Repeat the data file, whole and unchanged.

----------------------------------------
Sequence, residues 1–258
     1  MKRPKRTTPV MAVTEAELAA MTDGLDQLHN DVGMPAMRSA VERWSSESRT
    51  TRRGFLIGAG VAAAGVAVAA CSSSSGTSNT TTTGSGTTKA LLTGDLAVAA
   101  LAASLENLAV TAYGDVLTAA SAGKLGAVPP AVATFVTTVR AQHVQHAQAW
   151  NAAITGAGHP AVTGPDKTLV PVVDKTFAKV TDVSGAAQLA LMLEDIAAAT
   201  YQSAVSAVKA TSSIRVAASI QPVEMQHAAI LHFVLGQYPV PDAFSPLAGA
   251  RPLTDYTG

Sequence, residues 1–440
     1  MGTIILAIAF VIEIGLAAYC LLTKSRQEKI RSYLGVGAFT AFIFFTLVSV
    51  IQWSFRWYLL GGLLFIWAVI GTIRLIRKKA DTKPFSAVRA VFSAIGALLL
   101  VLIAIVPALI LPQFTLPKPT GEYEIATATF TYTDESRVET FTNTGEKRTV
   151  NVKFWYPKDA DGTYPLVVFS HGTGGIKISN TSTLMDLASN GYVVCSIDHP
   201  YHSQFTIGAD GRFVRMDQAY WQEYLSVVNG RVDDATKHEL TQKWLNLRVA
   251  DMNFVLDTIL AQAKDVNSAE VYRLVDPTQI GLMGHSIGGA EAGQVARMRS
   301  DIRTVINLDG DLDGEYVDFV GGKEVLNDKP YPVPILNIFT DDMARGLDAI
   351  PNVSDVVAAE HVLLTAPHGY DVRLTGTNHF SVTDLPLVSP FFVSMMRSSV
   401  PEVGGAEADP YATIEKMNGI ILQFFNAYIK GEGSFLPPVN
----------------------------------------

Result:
Sequence, residues 1–258
     1  MKRPKRTTPV MAVTEAELAA MTDGLDQLHN DVGMPAMRSA VERWSSESRT
    51  TRRGFLIGAG VAAAGVAVAA CSSSSGTSNT TTTGSGTTKA LLTGDLAVAA
   101  LAASLENLAV TAYGDVLTAA SAGKLGAVPP AVATFVTTVR AQHVQHAQAW
   151  NAAITGAGHP AVTGPDKTLV PVVDKTFAKV TDVSGAAQLA LMLEDIAAAT
   201  YQSAVSAVKA TSSIRVAASI QPVEMQHAAI LHFVLGQYPV PDAFSPLAGA
   251  RPLTDYTG

Sequence, residues 1–440
     1  MGTIILAIAF VIEIGLAAYC LLTKSRQEKI RSYLGVGAFT AFIFFTLVSV
    51  IQWSFRWYLL GGLLFIWAVI GTIRLIRKKA DTKPFSAVRA VFSAIGALLL
   101  VLIAIVPALI LPQFTLPKPT GEYEIATATF TYTDESRVET FTNTGEKRTV
   151  NVKFWYPKDA DGTYPLVVFS HGTGGIKISN TSTLMDLASN GYVVCSIDHP
   201  YHSQFTIGAD GRFVRMDQAY WQEYLSVVNG RVDDATKHEL TQKWLNLRVA
   251  DMNFVLDTIL AQAKDVNSAE VYRLVDPTQI GLMGHSIGGA EAGQVARMRS
   301  DIRTVINLDG DLDGEYVDFV GGKEVLNDKP YPVPILNIFT DDMARGLDAI
   351  PNVSDVVAAE HVLLTAPHGY DVRLTGTNHF SVTDLPLVSP FFVSMMRSSV
   401  PEVGGAEADP YATIEKMNGI ILQFFNAYIK GEGSFLPPVN